Encore & Minor Changes

Over in my yarn tab, the update triggered an error: something about a controller does not exist. This is special to Symfony UX & Encore. When you update your PHP dependencies, you may need to reinstall your node dependencies. Hit Ctrl+C, then run:

yarn install --force

Or npm install --force if you're using npm. Then

yarn watch

again. It's happy! In the main tab, run:

git status

Alongside the usual suspects, there's a new controller in controllers.json... which came from an update to ux-turbo. We won't use it, but it's fine there. In package.json, it added a new entry for stimulus bundle. This is a relatively new bundle that got installed during the upgrade, and we'll talk more about it soon.

Upgrading to 6.4

So we are now using PHP 8.3 and we've upgraded our dependencies a bit. But we're still using Symfony 6.1. To upgrade to 7, we first need to upgrade to 6.4. That'll give us a chance to prep for 7.0 by finding - and fixing - all the deprecations.

And... upgrading is easy! Find 6.1.*, replace with 6.4.* and replace all.

98 lines | composer.json
// ... lines 2 - 4
"require": {
// ... lines 6 - 17
"symfony/asset": "6.4.*",
"symfony/console": "6.4.*",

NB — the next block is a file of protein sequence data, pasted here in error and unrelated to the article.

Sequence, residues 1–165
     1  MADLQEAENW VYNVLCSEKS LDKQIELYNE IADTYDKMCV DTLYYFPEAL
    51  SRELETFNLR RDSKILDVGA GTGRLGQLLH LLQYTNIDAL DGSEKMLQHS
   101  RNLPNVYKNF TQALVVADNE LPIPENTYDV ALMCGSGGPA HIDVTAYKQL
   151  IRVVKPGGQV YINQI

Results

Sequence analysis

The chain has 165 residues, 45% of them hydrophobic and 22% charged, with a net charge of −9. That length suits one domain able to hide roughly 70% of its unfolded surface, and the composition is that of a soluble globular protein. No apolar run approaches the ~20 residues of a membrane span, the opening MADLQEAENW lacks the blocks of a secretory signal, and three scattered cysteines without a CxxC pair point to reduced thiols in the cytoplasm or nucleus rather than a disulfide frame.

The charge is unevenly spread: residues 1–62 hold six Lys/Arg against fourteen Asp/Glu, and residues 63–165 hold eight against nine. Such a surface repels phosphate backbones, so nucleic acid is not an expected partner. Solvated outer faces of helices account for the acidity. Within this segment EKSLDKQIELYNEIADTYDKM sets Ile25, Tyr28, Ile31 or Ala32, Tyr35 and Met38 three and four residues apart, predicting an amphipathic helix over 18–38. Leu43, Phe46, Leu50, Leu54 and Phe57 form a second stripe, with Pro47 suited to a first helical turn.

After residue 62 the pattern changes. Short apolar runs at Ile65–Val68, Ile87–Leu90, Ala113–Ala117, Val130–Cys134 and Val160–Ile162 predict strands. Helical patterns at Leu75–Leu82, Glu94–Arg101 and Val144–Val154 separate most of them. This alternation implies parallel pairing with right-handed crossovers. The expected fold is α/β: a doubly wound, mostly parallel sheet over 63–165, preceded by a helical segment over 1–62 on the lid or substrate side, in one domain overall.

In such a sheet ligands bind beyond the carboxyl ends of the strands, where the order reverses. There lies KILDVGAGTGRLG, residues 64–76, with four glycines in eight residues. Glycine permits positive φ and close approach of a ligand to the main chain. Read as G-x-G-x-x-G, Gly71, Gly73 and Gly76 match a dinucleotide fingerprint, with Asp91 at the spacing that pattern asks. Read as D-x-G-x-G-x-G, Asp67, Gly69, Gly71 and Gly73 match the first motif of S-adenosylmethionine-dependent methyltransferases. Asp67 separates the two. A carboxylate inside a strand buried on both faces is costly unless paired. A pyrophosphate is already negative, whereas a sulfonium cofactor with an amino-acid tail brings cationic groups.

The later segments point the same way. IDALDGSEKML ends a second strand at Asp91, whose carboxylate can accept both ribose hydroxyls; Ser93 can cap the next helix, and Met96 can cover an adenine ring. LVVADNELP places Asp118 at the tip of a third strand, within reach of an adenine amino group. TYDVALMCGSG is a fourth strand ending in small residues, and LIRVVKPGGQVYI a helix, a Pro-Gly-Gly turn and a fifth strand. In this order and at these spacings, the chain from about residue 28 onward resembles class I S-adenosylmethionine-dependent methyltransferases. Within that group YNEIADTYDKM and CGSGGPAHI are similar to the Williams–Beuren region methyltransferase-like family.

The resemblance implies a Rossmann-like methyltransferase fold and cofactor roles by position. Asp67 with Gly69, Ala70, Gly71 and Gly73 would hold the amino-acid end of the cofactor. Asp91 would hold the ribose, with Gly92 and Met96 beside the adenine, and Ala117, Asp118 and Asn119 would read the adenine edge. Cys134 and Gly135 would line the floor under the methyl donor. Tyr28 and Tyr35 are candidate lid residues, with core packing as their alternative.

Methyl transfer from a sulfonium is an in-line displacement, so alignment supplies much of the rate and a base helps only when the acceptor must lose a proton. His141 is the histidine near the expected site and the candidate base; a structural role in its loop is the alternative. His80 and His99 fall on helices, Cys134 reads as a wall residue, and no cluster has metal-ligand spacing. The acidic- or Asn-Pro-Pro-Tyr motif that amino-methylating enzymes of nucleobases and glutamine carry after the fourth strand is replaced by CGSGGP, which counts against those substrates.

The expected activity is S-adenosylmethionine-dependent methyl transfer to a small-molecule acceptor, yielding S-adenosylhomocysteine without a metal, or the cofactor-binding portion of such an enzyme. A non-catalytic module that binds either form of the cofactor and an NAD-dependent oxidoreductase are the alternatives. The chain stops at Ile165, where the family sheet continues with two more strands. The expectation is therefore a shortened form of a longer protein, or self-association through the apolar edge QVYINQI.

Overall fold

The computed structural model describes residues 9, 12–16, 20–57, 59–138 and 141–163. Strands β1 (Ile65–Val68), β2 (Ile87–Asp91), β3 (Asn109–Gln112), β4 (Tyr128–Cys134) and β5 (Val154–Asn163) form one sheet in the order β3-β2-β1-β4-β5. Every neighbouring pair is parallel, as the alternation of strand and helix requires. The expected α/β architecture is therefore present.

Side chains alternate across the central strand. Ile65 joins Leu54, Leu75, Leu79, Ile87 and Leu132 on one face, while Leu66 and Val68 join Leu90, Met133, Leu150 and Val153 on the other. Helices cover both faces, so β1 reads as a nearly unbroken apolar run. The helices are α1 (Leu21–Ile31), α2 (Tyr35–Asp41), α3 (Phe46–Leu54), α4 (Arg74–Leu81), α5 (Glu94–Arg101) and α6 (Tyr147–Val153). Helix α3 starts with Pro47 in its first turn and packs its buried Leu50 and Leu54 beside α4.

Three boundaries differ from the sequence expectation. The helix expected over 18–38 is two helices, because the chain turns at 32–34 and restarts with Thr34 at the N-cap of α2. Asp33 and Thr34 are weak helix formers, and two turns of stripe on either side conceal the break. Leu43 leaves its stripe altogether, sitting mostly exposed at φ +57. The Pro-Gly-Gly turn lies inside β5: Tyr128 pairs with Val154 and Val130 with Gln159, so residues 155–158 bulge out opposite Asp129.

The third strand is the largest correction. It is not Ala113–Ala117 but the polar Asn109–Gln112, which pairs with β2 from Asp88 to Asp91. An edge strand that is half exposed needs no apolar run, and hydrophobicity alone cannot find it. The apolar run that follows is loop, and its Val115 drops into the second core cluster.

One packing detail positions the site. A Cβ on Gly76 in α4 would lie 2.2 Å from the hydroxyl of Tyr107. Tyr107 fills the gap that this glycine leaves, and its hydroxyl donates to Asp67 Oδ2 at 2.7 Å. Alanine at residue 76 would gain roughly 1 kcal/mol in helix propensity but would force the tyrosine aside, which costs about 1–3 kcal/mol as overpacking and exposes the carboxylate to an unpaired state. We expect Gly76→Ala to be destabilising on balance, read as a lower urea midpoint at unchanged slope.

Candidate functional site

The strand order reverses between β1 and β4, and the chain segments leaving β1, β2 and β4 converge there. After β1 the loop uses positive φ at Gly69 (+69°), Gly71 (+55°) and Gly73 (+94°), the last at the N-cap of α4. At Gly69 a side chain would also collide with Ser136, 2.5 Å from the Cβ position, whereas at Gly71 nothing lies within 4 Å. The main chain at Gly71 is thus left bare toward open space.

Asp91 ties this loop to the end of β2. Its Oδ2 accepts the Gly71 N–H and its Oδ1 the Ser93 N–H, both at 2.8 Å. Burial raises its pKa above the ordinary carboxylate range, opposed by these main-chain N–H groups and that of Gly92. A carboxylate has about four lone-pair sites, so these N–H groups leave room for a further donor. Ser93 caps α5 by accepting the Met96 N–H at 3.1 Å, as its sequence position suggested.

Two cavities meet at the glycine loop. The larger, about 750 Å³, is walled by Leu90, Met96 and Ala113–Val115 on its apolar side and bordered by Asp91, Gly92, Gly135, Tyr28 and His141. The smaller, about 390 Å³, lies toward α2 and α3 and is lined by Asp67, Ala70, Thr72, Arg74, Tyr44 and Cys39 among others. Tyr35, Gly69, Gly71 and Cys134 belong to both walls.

"symfony/dotenv": "6.4.*",
// ... line 21
"symfony/framework-bundle": "6.4.*",
"symfony/http-client": "6.4.*",
// ... line 24
"symfony/proxy-manager-bridge": "6.4.*",
"symfony/runtime": "6.4.*",
"symfony/twig-bundle": "6.4.*",
// ... lines 28 - 29
"symfony/yaml": "6.4.*",
// ... lines 31 - 32
// ... lines 34 - 81
"extra": {
"symfony": {
// ... line 84
"require": "6.4.*",
// ... line 86
"require-dev": {
// ... line 90
"symfony/debug-bundle": "6.4.*",
// ... line 92
"symfony/stopwatch": "6.4.*",
"symfony/web-profiler-bundle": "6.4.*",
// ... line 95

Though, be careful. Most of the time, the Symfony version constraints look like this. However, they could look like ^6.1. So don't miss those: the goal is to upgrade every symfony package that comes from the main repository. That... can be confusing because, mixed in with the packages that we do want to upgrade are other packages that live under symfony, but are independent and follow their own release timeline & versioning. Ignore those for now - but we will make sure every package is upgraded by the end.

Also, near the bottom, under extra.symfony.require, make sure this is also updated to 6.4.*. That's a composer optimization that tells it to only worry about 6.4 Symfony versions.

Back over at the terminal, let's do this!

composer up

Look at those beautiful upgrades from 6.1 to 6.4! And... when we try the site, the stinkin' thing still works!

Oh, but check out the PHP version: 8.1.27. When we started the symfony web server, it read the PHP 8.1 version from composer.json, found that version installed on my machine and used it. We changed this to 8.3, but we need to restart the server to use it. Run:

symfony server:stop


symfony serve -d

Yup: it found the PHP 8.3.1 version on my system. And on the site... got it!

Ok, this is working on Symfony 6.4. Our job now is to find every deprecation and fix them. On the web debug toolbar, we apparently hit 22 deprecated code paths on this page! To start fixing these, we'll... cheat... take a shortcut, by upgrading our Flex recipes.